The best one can do is to "control" the tinnitus. And what I really mean is to control how one responds to the phenomenon. I hadn't "heard" my ringing for weeks until I read this thread. I just ignore it. It helps to have some ambient sound to mask the ringing. One of my favorite ambient sounds to mask the ringing is the whoosh of air past my head as I'm riding my bike.

I've been a working professional musician for most of my adult life. While many of the situations I've put myself in professionally have contributed to my tinnitus and partial hearing loss, I've been able to function quite well as a musician. I happen to be a very skilled "listener", and I often hear things that others with perfect "hearing" do not.

My advice:

Accept that you have it and that barring some medical breakthrough, you will always have it. Don't let it drive you crazy! Tinnitus is in the mind. You can control your mind. Relaxation and other concepts will help you to ignore the ringing, roaring, rushing, or whatever noun you use to describe what you "hear". You can learn to ignore it. I did.
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Old 01-03-12, 06:18 PM
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I take meds for another condition that make my ears ring, but the tinnitus is so vastly preferable to the other symptoms that I'm happy to have it. Mine is moderate--I hear it whenever I think about it, but most of the time I don't.
For everybody's general fund of pseudo-medical knowledge, "tinnitus" is often mispronounced, even by doctors. It's TIN-uh-tuss, not tin-EYE-tuss.
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Old 01-03-12, 06:20 PM
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Thirty years of driving emergency vehicles with a siren above your head is a definite cause of tinnitus. I started in public safety in 1975 and began noticing the tinnitus around three years into the job. Although at that point it was mild. We also didn't have any OSHA regulations at that time to protect us and we couldn't wear hearing protectors because of Florida law which prohibits driving with ear buds, headsets or hearing protectors. By the time OSHA mandated hearing protectors for emergency vehicle operators, it was too late and the damage had been done. In the last five years that I was with the Fire Department, OSHA made it mandatory that all sirens for emergency vehicles be placed behind the grill and removed from above the operator's head. Again, a little too late.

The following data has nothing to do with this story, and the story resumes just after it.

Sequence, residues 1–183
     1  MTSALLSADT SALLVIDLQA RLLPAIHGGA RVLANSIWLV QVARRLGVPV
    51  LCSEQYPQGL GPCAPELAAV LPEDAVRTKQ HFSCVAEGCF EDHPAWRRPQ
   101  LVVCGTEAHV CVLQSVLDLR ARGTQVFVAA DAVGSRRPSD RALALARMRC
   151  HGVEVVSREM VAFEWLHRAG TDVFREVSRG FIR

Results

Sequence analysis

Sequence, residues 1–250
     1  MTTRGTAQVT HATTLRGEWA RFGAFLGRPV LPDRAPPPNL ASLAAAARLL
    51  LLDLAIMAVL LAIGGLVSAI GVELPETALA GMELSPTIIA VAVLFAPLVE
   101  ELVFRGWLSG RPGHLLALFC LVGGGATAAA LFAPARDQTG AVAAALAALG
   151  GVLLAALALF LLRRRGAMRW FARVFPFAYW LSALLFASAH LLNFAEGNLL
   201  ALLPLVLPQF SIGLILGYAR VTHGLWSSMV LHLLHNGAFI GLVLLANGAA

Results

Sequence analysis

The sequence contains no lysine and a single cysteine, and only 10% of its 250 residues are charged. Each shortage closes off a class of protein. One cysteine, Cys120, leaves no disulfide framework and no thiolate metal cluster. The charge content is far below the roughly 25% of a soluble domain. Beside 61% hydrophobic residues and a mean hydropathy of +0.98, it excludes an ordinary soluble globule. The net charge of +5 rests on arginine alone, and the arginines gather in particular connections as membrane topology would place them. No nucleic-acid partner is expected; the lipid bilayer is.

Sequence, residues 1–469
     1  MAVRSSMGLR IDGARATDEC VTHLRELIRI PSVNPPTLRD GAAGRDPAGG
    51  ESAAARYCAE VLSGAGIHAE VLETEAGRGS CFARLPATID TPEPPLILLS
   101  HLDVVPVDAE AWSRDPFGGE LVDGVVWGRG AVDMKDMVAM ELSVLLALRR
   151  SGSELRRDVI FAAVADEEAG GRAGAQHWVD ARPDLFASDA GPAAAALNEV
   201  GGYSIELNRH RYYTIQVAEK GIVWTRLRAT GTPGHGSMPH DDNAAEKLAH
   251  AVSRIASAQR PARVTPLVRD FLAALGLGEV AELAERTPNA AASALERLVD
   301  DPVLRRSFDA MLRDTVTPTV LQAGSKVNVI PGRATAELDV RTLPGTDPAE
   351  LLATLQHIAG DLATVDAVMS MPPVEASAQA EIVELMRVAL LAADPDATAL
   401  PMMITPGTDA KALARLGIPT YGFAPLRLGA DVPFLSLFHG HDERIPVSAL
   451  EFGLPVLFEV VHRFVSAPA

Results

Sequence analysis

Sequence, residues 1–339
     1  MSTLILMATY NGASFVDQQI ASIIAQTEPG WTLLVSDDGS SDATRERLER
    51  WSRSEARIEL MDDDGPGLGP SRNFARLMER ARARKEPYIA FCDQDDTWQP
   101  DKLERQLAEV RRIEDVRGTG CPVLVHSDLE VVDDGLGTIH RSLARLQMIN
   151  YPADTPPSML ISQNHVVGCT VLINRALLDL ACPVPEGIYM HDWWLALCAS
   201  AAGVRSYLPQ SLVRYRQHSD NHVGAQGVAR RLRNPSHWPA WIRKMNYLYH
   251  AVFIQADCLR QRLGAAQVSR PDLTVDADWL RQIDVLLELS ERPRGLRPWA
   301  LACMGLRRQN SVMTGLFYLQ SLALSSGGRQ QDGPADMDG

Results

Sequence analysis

I have major problems hearing just about anything when there is a lot of background noise, especially loud noise, because that is when it really becomes apparent. My wife and I went out for New Years eve and the restaurant we went to had a live band playing. I might as well have been totally deaf because I didn't hear anything my wife, or anyone else, said to me while we were there. Maybe learning lip reading will help in these situations.

As far as controlling it, I don't normally pay attention to it as it seldom bothers me. It sometimes gets pretty loud when I am in bed and happen to notice it, but it has never kept me from falling asleep. There used to be a commercial for some OTC stuff that was suppose to be a cure for tinnitus. I tried it and, like everything else, it didn't work. I have been to specialists when it first started getting loud and they all pretty much told me that I'm stuck with it. I would love to give you better news, but I think that you just have to find a way to control it that works for you.
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Old 01-03-12, 06:51 PM
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I've got it too. It's intermittent and there are more than several causes. Previous poster nailed one of the main causes and another big one is "stress". I have a continuous low hissing sound most of the time, with occasional loud high pitched attacks. Yup, it's supposedly incurable. I've just begun taking a larger dose of vitamin B supplements lately for another reason and am hoping it helps. There's a heckuva lot of microwave radiation out there especially now with all the wifi transmitters in everyones houses and the 4g phones, etc.
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Old 01-03-12, 07:13 PM
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I had a wonderful uncle who had it, and it about drove him crazy. Check on sound masking devices. As with noise suppression headphones, there may be an electronic solution (well, maybe relief) to your particular type of tinnitus. Good luck!
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Old 01-03-12, 08:01 PM
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I got mine from military service in Nam, lived with it a long time, hearing aids almost make it go away
R
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Old 01-03-12, 08:20 PM
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Originally Posted by Velo Dog View Post
For everybody's general fund of pseudo-medical knowledge, "tinnitus" is often mispronounced, even by doctors. It's TIN-uh-tuss, not tin-EYE-tuss.
In my best upper-class English accent:"It's 'levee-OH-sa,' not 'levee-oh-SAH."

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Old 01-03-12, 08:21 PM
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Yes, and I usually don't really notice it. But it has been deafening since I began reading this thread.

Pretty sure mine is related to decades of standing too close to loudspeakers at rock concerts and later standing in front of my own harmonica amps. It became notably louder after my chemotherapy 3 years ago.
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Old 01-03-12, 08:26 PM